Long-form content designed to delight customers also has the benefit of being evergreen or unlikely to need updating over time, increasing your brand’s credibility and trustworthiness over a long-term period. Any landing pages or products and services pages on your website should cover:


  • Specific customer pain points that your SaaS product can explicitly solve. 
  • Any challenges or objections to purchasing a paid version of your product. 
  • Specific benefits of buying your product over similar competitors (such as a list of pros and cons). 
  • The ability to deliver on any promises your SaaS product makes. 


Other key steps at this stage are product demos, trial periods and consultation calls with your product and sales teams which can encourage clients to give the paid version of your product a try. But nothing convinces clients to make a purchase better than seeing someone else use your product in action.

Your blog might already include examples of written content like success stories, case studies and client testimonials. Now it’s time to dive deeper into the experience your existing customers might have had with your product.

One of the best ways to get this done is through a client interview because it demonstrates the benefits of your product and allows new customers to put themselves in the shoes of a similar person they can relate to. Client interviews can prove how integrating your SaaS product into their workflows helped them, what tangible benefits they experienced through their improved productivity, why they would recommend your product and to whom they might recommend it.

Depending on your ideal customer, you can structure the format of the interview in a few specific ways: 


  • If your brand has more of a B2C positioning, focus on selling the emotional experience of buying your product  — being able to enjoy a stress-free work environment or feeling truly fulfilled and productive from meaningful tasks by getting minor ones out of the way.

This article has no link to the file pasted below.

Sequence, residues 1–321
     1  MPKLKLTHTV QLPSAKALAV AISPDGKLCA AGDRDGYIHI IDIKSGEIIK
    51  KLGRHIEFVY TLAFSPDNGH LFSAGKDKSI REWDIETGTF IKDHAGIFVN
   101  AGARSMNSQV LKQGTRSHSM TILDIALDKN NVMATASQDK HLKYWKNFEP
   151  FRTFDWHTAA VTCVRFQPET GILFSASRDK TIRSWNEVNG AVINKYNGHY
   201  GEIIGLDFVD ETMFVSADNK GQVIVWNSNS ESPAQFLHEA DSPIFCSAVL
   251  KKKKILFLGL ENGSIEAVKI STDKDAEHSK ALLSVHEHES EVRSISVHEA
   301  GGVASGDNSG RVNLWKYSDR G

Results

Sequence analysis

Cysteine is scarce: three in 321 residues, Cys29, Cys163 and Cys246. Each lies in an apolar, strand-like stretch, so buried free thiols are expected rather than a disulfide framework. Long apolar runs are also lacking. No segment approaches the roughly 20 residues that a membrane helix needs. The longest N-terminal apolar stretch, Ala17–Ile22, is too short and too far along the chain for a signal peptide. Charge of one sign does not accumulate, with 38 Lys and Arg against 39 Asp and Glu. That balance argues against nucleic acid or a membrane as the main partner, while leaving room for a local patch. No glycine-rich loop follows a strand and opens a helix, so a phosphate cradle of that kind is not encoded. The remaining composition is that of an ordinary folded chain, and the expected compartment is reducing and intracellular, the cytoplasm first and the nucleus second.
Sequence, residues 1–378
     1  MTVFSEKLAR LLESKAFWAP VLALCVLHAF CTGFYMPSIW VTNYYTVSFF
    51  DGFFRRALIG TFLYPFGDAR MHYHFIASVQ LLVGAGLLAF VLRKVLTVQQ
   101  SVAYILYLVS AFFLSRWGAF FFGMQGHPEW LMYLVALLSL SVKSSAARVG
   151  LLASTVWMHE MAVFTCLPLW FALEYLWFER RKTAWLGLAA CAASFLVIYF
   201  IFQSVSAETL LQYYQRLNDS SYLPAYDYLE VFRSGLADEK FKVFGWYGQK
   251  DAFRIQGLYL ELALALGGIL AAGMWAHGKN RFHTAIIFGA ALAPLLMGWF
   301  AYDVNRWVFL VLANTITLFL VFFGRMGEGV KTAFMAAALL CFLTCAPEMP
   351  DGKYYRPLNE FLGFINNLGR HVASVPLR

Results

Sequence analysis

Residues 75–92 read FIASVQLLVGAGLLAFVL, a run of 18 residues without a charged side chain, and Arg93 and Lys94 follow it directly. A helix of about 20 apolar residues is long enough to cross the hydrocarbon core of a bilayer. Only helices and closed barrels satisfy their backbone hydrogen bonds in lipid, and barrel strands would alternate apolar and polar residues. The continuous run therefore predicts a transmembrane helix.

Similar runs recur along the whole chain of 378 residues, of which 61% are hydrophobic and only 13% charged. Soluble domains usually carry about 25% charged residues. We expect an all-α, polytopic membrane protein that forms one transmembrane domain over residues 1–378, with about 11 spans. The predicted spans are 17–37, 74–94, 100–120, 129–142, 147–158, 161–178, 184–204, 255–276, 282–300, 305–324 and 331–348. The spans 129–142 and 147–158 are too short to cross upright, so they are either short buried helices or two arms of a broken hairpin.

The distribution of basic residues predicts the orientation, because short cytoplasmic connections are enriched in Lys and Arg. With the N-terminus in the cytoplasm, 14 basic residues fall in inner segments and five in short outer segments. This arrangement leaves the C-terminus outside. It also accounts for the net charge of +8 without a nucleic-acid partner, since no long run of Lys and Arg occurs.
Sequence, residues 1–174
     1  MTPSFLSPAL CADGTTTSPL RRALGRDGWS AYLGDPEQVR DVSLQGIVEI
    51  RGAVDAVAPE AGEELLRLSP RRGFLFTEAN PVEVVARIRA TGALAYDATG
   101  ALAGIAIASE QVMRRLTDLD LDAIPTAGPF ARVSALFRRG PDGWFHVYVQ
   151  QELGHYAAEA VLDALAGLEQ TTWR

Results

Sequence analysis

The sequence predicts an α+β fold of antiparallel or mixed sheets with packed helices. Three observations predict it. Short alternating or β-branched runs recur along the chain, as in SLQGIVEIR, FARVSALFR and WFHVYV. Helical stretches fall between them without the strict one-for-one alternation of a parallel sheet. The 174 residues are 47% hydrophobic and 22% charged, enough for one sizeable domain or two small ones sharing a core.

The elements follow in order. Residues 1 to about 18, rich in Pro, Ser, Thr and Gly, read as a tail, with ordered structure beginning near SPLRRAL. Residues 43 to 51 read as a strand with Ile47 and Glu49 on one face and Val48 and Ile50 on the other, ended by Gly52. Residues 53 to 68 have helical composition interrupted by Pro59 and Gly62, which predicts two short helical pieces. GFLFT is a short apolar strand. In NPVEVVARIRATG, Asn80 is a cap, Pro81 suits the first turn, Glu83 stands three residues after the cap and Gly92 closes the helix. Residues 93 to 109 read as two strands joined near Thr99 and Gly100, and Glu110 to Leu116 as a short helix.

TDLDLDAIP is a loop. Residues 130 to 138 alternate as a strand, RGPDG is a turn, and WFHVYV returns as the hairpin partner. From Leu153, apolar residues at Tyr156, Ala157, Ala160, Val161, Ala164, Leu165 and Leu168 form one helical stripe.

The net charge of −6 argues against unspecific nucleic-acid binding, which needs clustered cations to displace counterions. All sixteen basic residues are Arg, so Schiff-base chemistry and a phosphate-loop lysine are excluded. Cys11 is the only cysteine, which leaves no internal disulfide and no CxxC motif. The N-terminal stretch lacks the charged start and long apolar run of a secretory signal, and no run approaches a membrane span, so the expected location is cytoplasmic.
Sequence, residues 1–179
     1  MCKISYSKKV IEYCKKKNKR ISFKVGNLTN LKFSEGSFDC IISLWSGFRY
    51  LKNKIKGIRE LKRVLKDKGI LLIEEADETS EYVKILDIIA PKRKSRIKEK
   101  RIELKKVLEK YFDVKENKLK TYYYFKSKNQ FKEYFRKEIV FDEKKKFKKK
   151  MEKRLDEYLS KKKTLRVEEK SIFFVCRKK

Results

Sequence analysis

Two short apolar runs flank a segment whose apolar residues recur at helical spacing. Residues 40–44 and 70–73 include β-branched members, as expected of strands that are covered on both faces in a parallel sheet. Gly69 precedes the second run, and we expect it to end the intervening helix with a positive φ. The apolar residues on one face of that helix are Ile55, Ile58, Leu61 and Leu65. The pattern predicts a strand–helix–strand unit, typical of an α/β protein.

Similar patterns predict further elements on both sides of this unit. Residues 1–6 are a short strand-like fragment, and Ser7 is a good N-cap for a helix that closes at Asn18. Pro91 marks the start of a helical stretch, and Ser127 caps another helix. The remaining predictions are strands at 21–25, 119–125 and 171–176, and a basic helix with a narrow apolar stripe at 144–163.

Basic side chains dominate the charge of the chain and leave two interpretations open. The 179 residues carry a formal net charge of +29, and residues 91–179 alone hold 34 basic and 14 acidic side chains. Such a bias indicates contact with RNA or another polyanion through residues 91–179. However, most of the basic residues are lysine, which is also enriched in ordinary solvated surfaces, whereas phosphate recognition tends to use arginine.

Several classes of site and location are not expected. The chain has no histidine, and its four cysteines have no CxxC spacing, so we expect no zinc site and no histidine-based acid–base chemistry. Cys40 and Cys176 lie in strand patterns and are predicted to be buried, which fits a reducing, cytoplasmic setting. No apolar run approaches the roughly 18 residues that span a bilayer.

• If your brand has more of a B2B positioning, focus on selling the tangible benefits of buying your product — improved data protection standards, for example, an increased ROI, or how much money clients were able to save from investing in your product. 

You'll know what to prioritise if you’ve defined your ideal customer. You can also always repurpose the written version of a client interview into a video or podcast series at a later stage to re-promote this content and bring in new clients, no matter your brand positioning.

Who’s writing your SaaS content?    

Now that you’ve got an idea of what content formats work best to market SaaS products, it’s time to pick the right team to write out the base of organic content for your website.

In our experience, the best forms of SaaS content are the speciality of technical content writers and content specialists who bridge the gap between techspertise and communicating product features and benefits engagingly.

At Say it right, our core specialisation is just this: we’re a team of dedicated technical content writers responsible for writing informative, engaging, long-form content specifically for tech and SaaS companies. Our client partners are leveraging content to attract, engage and intrigue prospects and turn them into loyal customers.

Creating such content can be time and resource-intensive, but finding the right pair of hands to help you with yours is the key to a successful content marketing strategy. In an increasingly competitive tech landscape, it’s not just important to invest in high-quality content but also to figure out what this content should include in the first place.

If you're wondering what high-quality SaaS content includes, we cover this in greater detail too. Get in touch with us at if you're ready to get in touch with a team of experts who can handle the content production aspect of your SaaS content marketing journey.